Thursday, July 19, 2012

Napoleon's St. Helena Wine Has Renaissance in Cape Town Vineyards

Groot Constantia (c) Groot Constantia Trust

Groot Constantia

Groot Constantia Trust
The sweet wine of Constantia helped Napoleon ease the misery of exile and 
was recommended by Jane Austen for a broken heart. Now, two CapeTown 
estates have revived the beverage that made South Africa the toast of Europe.

Klein Constantia was first to bring back Vin de Constance, using vines from the 

three-century-old plantings on the slopes behind Cape Town's signature 
Table Mountain. Neighbor Groot Constantia followed in recent years, 
producing its own version of the honeyed wine.

Vin de Constance is a late-harvested wine made from white Muscat de 

Frontignac grapes, golden in color, with a bouquet of stone fruits and a smooth
 finish. "It's a delightful and unusual wine for relatively early drinking 
that serves as a reminder of historic fashion," said London-based wine critic 
Jancis Robinson.

The South African wine also compares price-wise to its French and German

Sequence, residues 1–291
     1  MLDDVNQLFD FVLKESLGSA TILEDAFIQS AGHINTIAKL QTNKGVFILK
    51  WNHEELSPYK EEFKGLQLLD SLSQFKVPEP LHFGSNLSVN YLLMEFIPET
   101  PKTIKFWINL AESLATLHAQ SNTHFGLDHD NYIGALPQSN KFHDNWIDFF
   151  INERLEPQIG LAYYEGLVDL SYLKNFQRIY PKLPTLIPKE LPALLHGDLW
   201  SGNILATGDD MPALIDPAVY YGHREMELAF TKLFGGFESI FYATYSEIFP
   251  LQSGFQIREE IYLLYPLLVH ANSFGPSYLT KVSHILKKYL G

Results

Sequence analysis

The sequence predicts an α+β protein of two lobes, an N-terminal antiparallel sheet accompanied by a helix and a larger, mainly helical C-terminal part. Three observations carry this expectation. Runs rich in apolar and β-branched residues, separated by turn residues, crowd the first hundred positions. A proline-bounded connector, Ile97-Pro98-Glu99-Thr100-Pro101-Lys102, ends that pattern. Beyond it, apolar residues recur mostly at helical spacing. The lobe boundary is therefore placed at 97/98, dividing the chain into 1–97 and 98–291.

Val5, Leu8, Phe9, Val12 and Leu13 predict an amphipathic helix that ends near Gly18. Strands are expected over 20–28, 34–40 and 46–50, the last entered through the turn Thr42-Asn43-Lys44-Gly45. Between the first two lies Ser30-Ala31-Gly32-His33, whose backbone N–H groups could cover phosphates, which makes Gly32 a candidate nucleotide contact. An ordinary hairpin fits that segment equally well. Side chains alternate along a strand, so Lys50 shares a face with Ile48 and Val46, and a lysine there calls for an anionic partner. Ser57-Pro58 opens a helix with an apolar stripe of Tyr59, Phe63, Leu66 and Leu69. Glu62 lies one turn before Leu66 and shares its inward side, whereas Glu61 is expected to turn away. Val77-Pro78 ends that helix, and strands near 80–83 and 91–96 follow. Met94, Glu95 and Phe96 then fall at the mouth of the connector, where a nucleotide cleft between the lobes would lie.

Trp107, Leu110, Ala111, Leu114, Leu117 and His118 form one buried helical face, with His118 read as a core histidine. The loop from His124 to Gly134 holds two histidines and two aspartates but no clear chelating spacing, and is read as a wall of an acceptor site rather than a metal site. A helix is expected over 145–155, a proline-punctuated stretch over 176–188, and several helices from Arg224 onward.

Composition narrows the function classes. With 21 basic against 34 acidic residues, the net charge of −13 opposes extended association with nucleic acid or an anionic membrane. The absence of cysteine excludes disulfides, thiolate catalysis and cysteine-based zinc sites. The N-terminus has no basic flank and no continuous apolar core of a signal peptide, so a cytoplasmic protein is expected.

rivals, costing about 300 rand ($43) at the cellar door for a 500 milliliter
 hand-blown, French glass bottle.

The original Constantia farm was granted in 1685 to Van der Stel, the first 

governor of the Dutch colony in the Cape. Constantia's wines reached the peak 
of their fame in the 18th and 19th centuries before the phylloxera beetle 
devastated the plantings in the 1880s.

Napoleon Bonaparte had as much as 1,126 liters (297 gallons) of Constantia 

wine shipped in wooden casks each year to Longwood House, his home in exile 
on St. Helena from 1815 until his death in 1821, according to Groot Constantia. 
The Count de las Cases reported that, on his deathbed, Napoleon refused 
everything offered to him but a glass of Constantia wine.

A rare bottle of 1821 Grand Constance sold for 2,990 pounds ($5,918) at a 

Sotheby's auction a year ago in London. The wine was also a favorite 
among the European and Russian royal households of the time, Sotheby's 
said. Jane Austen wrote in "Sense and Sensibility" of its "healing powers 
on a disappointed heart."

-- from an article by Clyde Russell for the Bloomberg News

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